I’m a millennial. I love how the rapidly changing pace of technology allows us access to so much information. I usually have no qualms about jumping right in when a new, potentially revolutionary service comes out. For instance, I can’t wait to get my hands on an iPhone SE so I can try out Apple Pay, if only to say that I’ve tried it and to understand why Apple hyped it up when they announced it. However, as humans, we generally only like so much change. One change I’ve been averse to is the adoption of UEB in North America.
I grew up in the 80’s and 90’s learning Braille like anyone else, and while I’m not the fastest Braille reader, I used it all through school so it’s what I know. So when I heard about UEB being adopted in the U.S., my knee jerk reaction was “don’t take my grade 2 away!” I didn’t see how the new rules and changes would benefit me.
A change of heart
That was until I started using Braille screen input on the iPhone a lot. I use it for nearly all of my text input on my iPhone, in many cases preferring it to dictation or the stock iOS keyboard. Most of the time I don’t think about it; I just rotor to Braille screen input and start typing.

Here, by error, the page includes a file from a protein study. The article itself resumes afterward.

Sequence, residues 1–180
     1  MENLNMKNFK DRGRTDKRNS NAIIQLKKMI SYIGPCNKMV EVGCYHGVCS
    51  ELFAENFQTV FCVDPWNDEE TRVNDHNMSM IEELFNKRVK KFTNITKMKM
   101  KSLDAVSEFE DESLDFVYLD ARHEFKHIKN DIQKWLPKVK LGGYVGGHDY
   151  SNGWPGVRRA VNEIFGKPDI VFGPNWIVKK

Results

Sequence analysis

As I do more and more email and web surfing on my iPhone though, I’m finding little things that get in my way when using the standard contracted Braille code. Typing websites is something where I’ve typically use the regular keyboard because of the way certain symbols get translated. Trying to type .com would translate as 4com, putting me into a Google search because that’s what the phone thinks I’m trying to do.
UEB will also be good for entering passwords. I’m sure most of us have been with another VoiceOver user who’s been signing into something, and you can almost guess what their password is because they have to find the right character on the stock iOS keyboard before entering it. Since UEB is designed to remove ambiguity, it should make entering passwords a lot easier.
That could be really cool. Any resources to help with making the switch?
I’m sure there are a lot more resources for learning UEb than I know of, but I’ve been using this Overview of changes on the Braille Authority of North America website. They also have a learning resources page.
Getting used to something different can be a challenge, particularly when it’s something you’ve been using all your life. I’m sure some of the removed contractions and changes in punctuation will take some time to get acclimated to. Old habits die hard, as they say. But with more and more of my online activities being done on my iPhone, the adjustment from a reading standpoint may be worth the trade off.